They need a lot of space and plenty of plants to provide the right amount of oxygen in your water though. Live food can also be fed to this fish as well. The care for Rubbernoses is slightly more demanding.

But overall they are a great match with a betta!

How To Set Up An Ideal Pleco and Betta Tank?

Video: “HOW TO setup a Bristlenose breeding tank!”

There are certain techniques you can use to ensure that you have the most successful betta and pleco tank possible.

In this final section, we will talk about the best way to set up a tank with your two pets. Again, cohabitating with betta is not perfect.

But, you can take some precautionary steps to prevent poor tank outcomes! We’ll go over everything betta and pleco owners needs to know right here!


Tank size

First off, do yourself, and your pet fish a favor and get a big enough tank.

Small tanks are one of the worst ways to set up a thriving tank community. If your tank is overly small, plecos and betta are more prone to fight and get aggressive.

The size of your aquarium will of course depend on your pets. But usually, you want to go over fifteen gallons to be safe! Some plecos might even need forty-five gallons and up.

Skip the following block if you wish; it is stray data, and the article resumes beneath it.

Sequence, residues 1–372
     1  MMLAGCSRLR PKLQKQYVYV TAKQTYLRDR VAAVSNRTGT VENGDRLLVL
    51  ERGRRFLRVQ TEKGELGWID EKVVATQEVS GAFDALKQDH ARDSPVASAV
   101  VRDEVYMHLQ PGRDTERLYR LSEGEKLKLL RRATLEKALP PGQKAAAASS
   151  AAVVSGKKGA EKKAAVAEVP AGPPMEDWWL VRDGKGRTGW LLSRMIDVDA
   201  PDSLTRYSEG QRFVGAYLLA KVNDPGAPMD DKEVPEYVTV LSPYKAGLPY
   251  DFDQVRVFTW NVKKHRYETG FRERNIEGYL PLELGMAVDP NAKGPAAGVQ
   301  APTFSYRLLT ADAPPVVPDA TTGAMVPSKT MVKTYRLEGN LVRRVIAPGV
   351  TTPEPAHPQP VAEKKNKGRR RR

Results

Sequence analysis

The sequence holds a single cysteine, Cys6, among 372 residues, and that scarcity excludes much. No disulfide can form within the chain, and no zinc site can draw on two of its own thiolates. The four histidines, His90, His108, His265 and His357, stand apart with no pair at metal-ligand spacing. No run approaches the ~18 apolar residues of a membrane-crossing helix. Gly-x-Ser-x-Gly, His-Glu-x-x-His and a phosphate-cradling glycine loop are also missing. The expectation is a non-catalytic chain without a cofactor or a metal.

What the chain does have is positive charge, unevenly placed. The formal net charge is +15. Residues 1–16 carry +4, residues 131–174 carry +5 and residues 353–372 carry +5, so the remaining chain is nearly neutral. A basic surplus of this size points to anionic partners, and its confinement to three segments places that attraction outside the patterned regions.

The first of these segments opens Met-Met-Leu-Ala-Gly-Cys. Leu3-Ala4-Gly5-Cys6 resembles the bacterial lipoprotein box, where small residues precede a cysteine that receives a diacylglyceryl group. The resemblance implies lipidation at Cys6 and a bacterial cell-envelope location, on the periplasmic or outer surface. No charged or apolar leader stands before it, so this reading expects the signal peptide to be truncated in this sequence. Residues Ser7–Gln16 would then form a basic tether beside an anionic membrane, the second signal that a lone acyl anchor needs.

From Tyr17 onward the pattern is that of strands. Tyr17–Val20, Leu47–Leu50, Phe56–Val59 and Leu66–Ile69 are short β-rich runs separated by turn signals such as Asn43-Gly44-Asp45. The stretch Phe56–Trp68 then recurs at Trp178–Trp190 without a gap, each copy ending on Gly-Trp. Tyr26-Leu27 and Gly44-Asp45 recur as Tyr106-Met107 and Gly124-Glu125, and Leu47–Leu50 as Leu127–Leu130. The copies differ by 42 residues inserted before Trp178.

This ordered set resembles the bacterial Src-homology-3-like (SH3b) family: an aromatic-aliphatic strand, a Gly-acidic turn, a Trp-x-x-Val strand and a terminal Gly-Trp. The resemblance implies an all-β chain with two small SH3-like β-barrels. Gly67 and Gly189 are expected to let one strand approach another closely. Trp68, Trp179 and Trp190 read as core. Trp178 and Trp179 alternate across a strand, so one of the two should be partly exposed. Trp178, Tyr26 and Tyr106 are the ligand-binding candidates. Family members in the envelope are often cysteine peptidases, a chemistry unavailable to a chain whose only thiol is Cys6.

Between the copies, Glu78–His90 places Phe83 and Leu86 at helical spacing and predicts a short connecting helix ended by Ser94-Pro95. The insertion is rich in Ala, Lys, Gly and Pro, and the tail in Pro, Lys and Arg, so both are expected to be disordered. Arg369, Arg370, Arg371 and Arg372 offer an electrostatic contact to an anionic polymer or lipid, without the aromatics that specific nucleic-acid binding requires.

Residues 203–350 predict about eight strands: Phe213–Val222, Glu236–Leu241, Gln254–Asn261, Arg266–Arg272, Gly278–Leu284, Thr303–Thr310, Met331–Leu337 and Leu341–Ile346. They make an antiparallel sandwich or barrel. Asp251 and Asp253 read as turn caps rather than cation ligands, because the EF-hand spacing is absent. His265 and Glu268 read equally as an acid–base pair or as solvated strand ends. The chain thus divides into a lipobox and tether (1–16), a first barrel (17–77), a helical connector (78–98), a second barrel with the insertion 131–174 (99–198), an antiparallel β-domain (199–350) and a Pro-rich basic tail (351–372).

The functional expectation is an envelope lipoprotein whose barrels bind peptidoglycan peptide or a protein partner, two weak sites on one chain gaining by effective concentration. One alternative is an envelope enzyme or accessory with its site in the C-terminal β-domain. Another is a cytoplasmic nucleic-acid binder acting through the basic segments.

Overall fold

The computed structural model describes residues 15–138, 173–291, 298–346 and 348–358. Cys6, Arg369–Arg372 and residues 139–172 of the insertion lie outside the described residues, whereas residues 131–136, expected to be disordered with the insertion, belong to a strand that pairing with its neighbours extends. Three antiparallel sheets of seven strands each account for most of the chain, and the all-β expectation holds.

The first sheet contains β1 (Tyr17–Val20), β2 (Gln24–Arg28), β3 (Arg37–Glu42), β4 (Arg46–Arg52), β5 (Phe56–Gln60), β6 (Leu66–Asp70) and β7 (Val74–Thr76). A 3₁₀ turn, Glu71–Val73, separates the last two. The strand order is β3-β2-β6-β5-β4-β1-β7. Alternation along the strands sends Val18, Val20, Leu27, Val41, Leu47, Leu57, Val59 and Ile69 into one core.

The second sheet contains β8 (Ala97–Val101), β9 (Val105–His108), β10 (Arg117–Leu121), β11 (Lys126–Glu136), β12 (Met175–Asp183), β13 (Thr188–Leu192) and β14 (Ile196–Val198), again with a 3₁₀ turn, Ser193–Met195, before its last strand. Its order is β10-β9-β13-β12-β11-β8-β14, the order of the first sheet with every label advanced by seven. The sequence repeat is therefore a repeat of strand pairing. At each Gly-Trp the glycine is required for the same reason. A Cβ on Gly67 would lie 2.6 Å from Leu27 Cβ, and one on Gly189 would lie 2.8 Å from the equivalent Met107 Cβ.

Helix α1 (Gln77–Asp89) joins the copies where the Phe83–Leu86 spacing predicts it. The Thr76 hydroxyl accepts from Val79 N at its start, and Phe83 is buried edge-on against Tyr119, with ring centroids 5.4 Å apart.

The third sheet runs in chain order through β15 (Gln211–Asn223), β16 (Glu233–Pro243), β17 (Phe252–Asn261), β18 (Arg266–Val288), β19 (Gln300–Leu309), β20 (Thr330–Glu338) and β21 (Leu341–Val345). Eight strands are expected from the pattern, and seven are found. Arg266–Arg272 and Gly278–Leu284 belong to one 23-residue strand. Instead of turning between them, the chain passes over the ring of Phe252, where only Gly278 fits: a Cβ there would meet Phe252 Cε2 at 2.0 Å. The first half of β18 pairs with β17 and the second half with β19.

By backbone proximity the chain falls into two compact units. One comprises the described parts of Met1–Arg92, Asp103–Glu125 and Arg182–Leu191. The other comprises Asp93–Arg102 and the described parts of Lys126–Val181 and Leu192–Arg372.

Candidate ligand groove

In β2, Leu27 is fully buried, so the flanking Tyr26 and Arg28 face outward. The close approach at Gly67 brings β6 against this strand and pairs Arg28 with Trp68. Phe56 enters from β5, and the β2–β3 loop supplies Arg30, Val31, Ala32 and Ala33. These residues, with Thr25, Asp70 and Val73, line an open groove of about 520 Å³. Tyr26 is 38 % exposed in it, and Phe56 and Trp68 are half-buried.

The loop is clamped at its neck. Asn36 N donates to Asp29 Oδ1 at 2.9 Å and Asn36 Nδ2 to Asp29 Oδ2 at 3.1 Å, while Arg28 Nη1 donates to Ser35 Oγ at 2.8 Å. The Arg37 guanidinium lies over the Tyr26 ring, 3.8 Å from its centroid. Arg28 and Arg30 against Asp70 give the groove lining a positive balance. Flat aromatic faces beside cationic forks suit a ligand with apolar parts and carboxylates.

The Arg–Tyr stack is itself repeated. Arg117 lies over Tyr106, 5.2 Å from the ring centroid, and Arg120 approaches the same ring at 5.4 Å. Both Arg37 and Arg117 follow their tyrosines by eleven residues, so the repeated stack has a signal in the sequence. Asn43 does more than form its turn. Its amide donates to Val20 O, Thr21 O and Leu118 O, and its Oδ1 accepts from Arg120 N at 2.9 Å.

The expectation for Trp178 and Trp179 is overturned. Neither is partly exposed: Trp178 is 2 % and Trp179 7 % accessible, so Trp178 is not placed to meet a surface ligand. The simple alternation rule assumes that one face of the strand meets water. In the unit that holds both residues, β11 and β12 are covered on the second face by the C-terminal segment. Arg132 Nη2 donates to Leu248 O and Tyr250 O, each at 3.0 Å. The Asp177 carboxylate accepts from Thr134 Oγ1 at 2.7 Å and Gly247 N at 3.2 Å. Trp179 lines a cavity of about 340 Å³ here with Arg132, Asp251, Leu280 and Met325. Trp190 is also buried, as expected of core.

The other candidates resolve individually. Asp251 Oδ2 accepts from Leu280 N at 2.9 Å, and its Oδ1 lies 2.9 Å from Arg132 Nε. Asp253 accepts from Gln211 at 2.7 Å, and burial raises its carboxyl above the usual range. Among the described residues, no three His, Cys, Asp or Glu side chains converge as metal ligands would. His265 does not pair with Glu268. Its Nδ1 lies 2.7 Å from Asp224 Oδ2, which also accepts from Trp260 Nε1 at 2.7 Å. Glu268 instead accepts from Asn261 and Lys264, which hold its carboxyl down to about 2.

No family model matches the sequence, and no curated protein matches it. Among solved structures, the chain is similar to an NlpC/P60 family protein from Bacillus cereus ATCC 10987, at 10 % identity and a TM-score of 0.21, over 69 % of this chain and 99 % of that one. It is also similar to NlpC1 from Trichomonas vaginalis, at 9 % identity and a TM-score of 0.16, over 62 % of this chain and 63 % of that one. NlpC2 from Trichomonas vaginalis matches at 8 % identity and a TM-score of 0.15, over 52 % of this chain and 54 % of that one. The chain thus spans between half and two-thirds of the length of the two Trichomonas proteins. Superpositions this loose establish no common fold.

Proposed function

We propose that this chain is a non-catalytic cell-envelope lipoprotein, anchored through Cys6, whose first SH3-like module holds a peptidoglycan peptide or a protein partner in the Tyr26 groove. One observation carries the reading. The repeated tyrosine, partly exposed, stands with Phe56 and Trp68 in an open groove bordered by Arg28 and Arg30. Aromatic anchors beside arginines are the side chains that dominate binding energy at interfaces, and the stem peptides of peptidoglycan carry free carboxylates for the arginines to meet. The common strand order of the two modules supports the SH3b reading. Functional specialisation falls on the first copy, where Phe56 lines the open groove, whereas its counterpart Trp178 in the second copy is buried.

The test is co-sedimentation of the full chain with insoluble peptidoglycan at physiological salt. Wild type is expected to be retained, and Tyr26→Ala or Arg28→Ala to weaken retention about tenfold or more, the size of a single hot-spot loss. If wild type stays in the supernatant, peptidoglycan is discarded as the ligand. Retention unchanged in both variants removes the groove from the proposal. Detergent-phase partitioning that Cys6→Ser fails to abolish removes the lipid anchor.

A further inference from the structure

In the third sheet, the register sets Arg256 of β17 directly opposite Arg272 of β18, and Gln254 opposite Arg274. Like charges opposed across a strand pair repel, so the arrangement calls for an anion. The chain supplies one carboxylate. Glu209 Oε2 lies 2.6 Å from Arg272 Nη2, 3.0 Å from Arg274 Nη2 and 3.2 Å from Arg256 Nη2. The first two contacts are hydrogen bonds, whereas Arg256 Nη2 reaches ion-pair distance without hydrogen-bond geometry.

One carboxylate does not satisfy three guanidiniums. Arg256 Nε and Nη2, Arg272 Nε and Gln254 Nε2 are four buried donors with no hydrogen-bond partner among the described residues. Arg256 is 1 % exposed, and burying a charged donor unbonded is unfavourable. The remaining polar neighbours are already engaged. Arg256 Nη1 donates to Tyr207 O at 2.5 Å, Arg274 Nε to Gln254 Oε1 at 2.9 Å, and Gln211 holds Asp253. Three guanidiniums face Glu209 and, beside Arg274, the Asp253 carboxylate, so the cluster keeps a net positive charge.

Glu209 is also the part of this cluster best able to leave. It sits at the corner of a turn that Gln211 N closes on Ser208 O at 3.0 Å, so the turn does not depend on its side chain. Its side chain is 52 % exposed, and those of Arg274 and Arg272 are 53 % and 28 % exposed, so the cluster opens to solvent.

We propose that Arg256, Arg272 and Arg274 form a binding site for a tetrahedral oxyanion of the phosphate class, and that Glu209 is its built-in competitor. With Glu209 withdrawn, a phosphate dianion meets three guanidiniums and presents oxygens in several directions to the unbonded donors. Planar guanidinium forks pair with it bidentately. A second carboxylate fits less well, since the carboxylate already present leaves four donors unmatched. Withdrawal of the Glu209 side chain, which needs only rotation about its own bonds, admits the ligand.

Once you have the correct size pleco tank though, you can begin putting in other decoration. We personally recommend adding plenty of coverage to your pleco and betta habitat.

Again, your plecos are going to be near the ground, and they are going to want space of their own. This is true for betta as well. But plecos are especially in need of good coverage for their homes.

There are all kinds of ways you can add substantial coverage. Rocks and driftwood are one option you can go with at first.

Pleco likes to even eat some driftwood. Caves are also nice as well and if they are big enough your fish might hide out in them. But if you really want great coverage for plecos, try planting some greenery.



Plants can be a little complicated especially in a tank with multiple fish breeds. But we think it is worth it to add in some plant life.